A whole spate of e-mails about uniforms this morning.  Uniforms are a constant headache, not only in delivering them to employees, and dealing with employees who are unhappy about various aspects of the process, but in dealing with the uniform company.  They’ve started tacking random charges onto individual bills, meaning that each employee’s bill has to be individually audited.  The latest is that they’ve upped the price for embroidering our logo on the uniforms by $1 for each item without warning.

Make coffee.

A co-worker needs a new badge – I take a new picture for her, and make sure her security accesses carry over from the old badge to the new.

A member of my HR team asks me if I can call in some job candidates for interviews.  I print off their contact information in preparation for making the calls, but do not get around to actually making the calls yet.

The President of our hospital has heard about the employee who’s husband has died, and would like to deliver meals for her.  I am asked to contact the employee and see what would be helpful, and if there are any food restrictions, etc.  We eventually coordinate that she will pick up pizzas from our cafeteria for tonight’s dinner, and meat and cheese trays will be delivered for the next two days.

The managers who have been interviewing job candidates this morning have finished their interviews.  They give me their paperwork, and I pass it on to my team member who takes care of the next steps, along with their hiring recommendations.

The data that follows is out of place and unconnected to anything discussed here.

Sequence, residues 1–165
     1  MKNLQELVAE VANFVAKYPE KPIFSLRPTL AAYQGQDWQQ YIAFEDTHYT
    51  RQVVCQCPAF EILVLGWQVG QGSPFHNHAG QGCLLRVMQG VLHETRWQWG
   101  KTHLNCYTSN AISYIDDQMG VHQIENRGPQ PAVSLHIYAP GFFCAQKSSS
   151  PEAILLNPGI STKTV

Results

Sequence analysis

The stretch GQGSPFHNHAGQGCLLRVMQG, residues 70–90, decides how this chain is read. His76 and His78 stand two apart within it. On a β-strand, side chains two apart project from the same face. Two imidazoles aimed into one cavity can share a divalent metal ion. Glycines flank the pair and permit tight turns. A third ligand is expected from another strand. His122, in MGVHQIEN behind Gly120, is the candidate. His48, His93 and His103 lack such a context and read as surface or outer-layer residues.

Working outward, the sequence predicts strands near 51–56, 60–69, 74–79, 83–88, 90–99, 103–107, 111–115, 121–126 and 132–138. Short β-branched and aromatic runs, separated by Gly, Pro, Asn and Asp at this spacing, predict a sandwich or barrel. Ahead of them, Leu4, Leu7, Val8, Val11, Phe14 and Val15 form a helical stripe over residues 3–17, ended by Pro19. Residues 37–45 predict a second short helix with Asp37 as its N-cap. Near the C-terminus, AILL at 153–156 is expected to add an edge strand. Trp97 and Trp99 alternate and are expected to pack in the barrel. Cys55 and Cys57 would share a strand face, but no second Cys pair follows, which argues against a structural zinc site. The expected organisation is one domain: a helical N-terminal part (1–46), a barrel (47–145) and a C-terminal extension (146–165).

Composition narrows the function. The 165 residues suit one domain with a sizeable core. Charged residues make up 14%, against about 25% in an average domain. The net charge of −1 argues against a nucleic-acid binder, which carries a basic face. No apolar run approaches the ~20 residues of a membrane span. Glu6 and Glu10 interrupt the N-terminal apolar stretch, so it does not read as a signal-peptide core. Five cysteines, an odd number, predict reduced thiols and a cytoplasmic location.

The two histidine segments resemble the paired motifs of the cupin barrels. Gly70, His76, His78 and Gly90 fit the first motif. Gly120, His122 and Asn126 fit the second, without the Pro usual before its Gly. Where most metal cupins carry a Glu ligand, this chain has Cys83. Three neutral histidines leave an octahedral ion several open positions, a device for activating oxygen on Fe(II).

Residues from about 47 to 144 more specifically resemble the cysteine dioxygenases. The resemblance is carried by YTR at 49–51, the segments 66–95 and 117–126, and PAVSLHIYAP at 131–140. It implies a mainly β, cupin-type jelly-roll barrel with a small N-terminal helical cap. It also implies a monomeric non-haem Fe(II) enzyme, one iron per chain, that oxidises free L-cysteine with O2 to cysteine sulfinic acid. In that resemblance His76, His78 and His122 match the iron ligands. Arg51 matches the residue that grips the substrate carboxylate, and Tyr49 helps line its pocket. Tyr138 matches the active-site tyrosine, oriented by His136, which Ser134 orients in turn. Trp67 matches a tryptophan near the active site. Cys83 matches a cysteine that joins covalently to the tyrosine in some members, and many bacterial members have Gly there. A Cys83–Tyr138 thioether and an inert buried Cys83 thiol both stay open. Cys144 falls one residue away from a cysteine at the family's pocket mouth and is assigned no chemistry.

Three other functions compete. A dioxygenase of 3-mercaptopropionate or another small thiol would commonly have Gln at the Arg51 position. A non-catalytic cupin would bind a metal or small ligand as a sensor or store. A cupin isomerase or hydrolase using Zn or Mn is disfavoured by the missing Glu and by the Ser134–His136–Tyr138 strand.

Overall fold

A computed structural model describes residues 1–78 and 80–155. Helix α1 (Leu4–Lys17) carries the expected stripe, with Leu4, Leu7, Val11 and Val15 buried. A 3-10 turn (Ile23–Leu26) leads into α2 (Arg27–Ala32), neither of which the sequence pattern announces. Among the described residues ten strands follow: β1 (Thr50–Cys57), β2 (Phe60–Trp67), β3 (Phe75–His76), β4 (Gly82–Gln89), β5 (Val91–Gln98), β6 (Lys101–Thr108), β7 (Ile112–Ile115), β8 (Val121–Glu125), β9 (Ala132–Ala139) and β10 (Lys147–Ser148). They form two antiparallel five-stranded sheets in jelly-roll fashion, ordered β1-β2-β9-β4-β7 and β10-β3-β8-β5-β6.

I start working on updating our uniform tracking spreadsheet.

Two more employees come in to inquire about their uniforms.  No, they are not in yet.  Yes, I really will e-mail them the instant I get them in.  Really, truly.  Cross my heart and hope to die.  Stop asking.

Other candidates arrive for their interviews – I repeat the process of notifying interviewers, etc.

An employee who recently left the area calls and asks if I can mail her last paycheck to her address in Texas. Yes, I would be happy to do that.

The courier arrives with the paychecks (today is payday).  Most paychecks are direct deposited in employee’s bank accounts, but a few still receive actual paper checks.  I make the sign-out sheet, and contact people to come get their checks.  Most can be notified by e-mail, but a few still require phone calls.

One employee has asked me to take her check down to her department so she can pick it up when she comes in to work the night shift.  I take it down.  Her department is very quiet.  Selleck is hanging out at the front desk telling war stories about his other police job.